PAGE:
Dear Tom,
Weather systems move generally from west to east, faster than the speed of the Earth. Why?
Mark Jaros, Pleasant Prairie, Wisconsin

Dear Mark,
It is certainly correct that a general west-to-east movement of weather systems prevails across the United States and most of Canada. These winds are known as the “prevailing westerlies”. However, not all of the prevailing atmospheric motions behave in that manner. Two zones of generally east-to-west moving weather systems  prevail in the Northern Hemisphere, one to the north and the other to the south of the mid-latitude prevailing westerlies.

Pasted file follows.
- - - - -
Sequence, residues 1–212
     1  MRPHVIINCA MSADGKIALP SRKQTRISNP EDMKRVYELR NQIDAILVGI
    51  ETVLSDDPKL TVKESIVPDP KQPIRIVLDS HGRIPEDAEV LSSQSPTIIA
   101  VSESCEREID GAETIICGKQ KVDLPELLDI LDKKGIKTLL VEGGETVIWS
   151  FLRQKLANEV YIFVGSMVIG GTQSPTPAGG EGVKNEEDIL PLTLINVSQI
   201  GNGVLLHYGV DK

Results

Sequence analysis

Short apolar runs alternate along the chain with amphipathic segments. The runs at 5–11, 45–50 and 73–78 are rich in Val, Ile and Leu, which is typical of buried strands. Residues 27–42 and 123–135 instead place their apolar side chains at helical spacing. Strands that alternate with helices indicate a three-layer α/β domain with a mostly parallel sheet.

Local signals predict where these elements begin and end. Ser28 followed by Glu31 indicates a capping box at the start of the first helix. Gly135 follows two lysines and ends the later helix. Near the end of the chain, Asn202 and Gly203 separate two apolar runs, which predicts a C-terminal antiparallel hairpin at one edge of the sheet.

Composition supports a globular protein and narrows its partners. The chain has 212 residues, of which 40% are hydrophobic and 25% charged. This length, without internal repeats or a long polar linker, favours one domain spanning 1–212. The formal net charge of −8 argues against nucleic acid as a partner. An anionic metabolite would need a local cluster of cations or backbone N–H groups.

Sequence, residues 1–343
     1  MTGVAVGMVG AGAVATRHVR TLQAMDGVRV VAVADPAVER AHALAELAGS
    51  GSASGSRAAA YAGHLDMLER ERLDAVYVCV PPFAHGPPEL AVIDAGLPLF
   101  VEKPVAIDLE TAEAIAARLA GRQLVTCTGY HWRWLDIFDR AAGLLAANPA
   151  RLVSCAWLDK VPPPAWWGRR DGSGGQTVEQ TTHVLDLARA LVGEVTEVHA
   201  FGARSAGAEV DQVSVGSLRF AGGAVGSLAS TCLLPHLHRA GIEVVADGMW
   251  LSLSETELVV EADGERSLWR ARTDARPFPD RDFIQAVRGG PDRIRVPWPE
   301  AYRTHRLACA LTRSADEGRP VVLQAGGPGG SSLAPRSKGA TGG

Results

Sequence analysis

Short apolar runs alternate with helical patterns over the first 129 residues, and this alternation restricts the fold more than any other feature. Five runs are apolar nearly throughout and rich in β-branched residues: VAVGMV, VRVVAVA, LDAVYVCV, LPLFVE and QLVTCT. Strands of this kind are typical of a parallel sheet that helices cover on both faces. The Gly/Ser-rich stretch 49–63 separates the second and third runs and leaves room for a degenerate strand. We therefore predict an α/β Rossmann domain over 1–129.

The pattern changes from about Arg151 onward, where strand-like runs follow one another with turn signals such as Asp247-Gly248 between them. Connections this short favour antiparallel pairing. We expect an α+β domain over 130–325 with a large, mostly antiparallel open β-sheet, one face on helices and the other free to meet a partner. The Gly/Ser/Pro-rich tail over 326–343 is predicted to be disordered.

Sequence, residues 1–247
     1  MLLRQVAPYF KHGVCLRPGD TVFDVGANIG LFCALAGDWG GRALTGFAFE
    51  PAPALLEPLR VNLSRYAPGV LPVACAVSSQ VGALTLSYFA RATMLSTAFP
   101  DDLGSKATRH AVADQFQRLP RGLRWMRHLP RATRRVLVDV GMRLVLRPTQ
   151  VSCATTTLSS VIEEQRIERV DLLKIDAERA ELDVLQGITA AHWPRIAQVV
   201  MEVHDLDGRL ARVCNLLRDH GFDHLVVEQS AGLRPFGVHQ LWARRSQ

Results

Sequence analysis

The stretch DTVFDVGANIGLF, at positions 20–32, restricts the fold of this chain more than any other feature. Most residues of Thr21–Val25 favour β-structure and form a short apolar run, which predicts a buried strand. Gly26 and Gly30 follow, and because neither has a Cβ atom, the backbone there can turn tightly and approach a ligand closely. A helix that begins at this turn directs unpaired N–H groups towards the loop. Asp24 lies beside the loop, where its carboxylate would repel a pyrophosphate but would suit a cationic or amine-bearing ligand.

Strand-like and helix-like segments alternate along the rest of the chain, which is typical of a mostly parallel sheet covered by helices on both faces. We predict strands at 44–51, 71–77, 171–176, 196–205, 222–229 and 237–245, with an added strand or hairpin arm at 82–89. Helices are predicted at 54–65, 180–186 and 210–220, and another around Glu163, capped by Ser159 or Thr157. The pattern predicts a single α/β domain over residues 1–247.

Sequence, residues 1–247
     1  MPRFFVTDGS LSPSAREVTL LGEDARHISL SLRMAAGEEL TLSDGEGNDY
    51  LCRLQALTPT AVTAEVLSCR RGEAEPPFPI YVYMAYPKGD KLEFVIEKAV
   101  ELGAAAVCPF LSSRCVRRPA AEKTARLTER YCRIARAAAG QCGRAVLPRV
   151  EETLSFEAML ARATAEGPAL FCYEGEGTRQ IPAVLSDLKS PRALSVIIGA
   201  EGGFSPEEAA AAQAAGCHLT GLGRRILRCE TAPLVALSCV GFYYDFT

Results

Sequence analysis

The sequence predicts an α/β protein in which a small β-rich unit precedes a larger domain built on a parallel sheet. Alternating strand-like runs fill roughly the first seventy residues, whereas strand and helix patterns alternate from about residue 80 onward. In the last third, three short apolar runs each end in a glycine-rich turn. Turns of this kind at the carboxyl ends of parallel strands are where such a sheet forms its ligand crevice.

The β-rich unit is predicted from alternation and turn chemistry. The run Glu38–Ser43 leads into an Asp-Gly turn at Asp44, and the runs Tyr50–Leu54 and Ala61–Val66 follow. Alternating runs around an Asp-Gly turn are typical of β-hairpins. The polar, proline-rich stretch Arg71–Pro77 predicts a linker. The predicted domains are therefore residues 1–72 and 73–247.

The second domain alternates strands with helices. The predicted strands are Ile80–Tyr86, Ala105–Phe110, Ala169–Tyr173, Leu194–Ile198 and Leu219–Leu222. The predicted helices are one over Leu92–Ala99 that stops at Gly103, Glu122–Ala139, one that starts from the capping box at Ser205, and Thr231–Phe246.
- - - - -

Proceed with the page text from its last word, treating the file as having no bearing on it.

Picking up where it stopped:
The same circulation pattern exists in the Southern Hemisphere.

To the south of the zone of prevailing westerlies in the Northern Hemisphere lies an area called the Northeast Trades. It extends from about southern Florida all the way to the Equator. Prevailing winds to the south of the Equator are labeled the Southeast Tradewinds.

To the north of the zone of prevailing westerlies and close to the North Pole lies a zone called the Polar Easterlies.

The pattern of prevailing winds in the Southern Hemisphere is identical to prevailing wind circulation in the Northern Hemisphere.